Presumptions of Knowing

While most partners are delighted by the other’s efforts to remember the exact name and size of their designer coffee or the perfect returnable holiday gift, presumptions of knowing often impede the process of knowing a partner.

  • Most partners don’t want the other to finish their sentence or question a change.

“ That’s not what I was going to say.”

“Since when do you order fish?”

  • In many cases the presumption of knowing precludes the possibility of growing.

“I turned down the hiking invitation with the Clarks – I told them you don’t like to sweat.”  

” What if I wanted to try sweating and hiking?”

Failure to Recognize Change

One of the most distressing things for partners is the failure to be recognized for changes that they have already made. It not only impedes “knowing”– it is often cause for anger and despair.

“I can’t believe you are saying that I don’t fly…Who was with you on the last vacation to California?”

” Never cared about your family?…Who took care of your mother when she fell?”

One wonders if the failure to know a partner in a new way reflects the anxiety associated with any changes (good or bad) in the person you once knew.

Needing to Know Too Much

  • Texts or emails many times a day may be valuable to partners who both want to know the daily life of the other in detail.
  • For others, this may feel like a demand to know that actually turns off the wish to be known.
  • What you know about your partner should unfold in a way that is natural and works for both.

 Mini Exercise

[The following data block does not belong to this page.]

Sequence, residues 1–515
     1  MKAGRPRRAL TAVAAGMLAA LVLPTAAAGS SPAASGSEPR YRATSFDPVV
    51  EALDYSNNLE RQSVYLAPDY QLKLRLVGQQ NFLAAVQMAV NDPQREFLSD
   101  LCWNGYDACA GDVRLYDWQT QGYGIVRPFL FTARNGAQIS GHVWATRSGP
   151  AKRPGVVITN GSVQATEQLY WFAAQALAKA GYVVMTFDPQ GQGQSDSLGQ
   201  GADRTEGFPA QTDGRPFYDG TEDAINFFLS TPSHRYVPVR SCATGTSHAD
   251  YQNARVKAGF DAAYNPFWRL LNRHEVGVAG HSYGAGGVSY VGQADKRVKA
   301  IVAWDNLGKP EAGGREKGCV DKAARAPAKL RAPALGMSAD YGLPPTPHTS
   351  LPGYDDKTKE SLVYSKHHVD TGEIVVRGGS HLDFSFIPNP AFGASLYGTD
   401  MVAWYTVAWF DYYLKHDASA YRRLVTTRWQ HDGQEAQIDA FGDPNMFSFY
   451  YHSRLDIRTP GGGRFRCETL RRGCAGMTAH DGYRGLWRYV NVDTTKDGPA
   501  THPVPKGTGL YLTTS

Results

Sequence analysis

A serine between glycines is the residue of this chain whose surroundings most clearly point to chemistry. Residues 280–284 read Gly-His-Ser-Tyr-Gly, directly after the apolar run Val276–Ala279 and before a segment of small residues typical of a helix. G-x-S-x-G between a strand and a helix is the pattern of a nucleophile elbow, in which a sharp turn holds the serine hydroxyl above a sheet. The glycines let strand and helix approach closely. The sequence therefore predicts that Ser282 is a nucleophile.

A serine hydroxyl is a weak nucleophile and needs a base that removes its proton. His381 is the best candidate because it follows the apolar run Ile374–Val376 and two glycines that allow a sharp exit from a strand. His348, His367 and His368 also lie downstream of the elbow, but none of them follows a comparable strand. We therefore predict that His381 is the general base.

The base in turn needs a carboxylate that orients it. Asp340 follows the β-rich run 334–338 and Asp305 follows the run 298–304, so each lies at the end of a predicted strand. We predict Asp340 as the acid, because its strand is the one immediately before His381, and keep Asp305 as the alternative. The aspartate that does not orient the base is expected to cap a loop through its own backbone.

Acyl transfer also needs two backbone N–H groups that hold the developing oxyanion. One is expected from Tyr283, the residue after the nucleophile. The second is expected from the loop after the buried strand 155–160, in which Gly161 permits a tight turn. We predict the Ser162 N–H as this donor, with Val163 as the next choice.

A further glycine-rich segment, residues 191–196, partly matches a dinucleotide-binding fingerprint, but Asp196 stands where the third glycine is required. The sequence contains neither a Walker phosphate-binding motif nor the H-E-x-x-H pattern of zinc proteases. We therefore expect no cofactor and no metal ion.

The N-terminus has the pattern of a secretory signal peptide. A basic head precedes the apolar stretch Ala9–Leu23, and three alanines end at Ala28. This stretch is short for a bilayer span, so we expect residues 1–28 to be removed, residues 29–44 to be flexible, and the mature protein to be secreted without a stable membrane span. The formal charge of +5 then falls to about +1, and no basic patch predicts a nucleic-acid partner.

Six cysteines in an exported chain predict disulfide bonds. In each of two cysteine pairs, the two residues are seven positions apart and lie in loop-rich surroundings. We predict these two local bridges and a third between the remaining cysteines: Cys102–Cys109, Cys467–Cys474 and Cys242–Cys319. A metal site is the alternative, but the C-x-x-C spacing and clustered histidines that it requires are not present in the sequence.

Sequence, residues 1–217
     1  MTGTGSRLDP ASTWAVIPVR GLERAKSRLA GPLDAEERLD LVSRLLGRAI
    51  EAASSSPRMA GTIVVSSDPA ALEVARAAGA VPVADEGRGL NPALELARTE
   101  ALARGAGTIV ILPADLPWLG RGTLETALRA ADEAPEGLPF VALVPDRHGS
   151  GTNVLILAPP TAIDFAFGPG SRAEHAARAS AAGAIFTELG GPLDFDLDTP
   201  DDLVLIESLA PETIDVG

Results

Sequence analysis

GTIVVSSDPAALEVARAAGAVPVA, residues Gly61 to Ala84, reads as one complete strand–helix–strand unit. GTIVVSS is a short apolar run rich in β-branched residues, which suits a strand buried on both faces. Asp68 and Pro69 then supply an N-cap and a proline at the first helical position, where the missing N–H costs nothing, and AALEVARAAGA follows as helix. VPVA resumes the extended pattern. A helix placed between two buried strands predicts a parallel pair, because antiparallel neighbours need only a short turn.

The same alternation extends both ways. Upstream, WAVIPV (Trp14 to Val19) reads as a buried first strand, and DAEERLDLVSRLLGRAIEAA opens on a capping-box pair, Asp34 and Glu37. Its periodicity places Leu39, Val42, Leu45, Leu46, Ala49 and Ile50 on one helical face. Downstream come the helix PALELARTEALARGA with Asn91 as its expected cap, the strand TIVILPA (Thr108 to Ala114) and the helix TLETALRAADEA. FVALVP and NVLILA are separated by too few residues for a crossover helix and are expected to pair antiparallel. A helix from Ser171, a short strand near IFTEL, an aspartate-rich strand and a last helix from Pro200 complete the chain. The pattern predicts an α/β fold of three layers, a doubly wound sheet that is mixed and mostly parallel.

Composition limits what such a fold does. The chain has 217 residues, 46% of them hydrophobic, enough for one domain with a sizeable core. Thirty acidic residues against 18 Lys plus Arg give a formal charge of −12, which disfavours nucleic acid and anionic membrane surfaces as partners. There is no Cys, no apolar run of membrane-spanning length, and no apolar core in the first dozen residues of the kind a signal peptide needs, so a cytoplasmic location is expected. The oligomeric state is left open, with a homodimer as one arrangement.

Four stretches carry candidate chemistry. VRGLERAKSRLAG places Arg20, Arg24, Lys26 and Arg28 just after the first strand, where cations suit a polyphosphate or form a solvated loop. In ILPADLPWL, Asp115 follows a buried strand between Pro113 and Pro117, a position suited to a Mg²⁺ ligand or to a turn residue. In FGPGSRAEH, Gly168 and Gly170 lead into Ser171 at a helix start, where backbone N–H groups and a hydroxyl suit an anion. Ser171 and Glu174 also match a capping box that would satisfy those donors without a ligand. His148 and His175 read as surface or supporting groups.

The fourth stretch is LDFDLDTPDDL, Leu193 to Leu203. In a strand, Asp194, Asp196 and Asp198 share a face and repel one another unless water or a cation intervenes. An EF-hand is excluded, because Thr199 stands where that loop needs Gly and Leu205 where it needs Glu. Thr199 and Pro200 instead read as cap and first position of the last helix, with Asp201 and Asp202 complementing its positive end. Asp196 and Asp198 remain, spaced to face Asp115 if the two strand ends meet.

• When was the last time you sat across from your partner and really wanted to know his/her opinion?
  • When was the last time you asked your partner what he/she would do if they were given a vacation to anywhere?
  • When was the last time you asked your partner to explain something you wanted to learn? ( From recipes to sports)
  • When was the last time you let your partner know about something you have wanted to do your entire life?
  • When was the last time you noticed an unexpected behavior in your partner that you really liked?
  • When was the last time you asked your partner what he/she thinks would happen if you were both single and just met? What would you talk about…and more?

The Importance of the Desire to Know

  • Elie Wiesel tells us that, “The opposite of love is not hate, it’s indifference.”
  •  When there is no desire to know the partner, the spark, the joy and the possibilities of a truly close relationship disappear.
  • Partners stay insiders to each other when they confide, take an interest and what to know more.
  • It simply is not enough to once have known or to presume to know.
  • Part of the vibrancy of a relationship is to cherish what was and look forward to what else can be.

Maybe “to know” is to love and “to keep on knowing is to keep on loving! ”

Be sure to check out my website for more blogs and radio shows – Thanks, Suzanne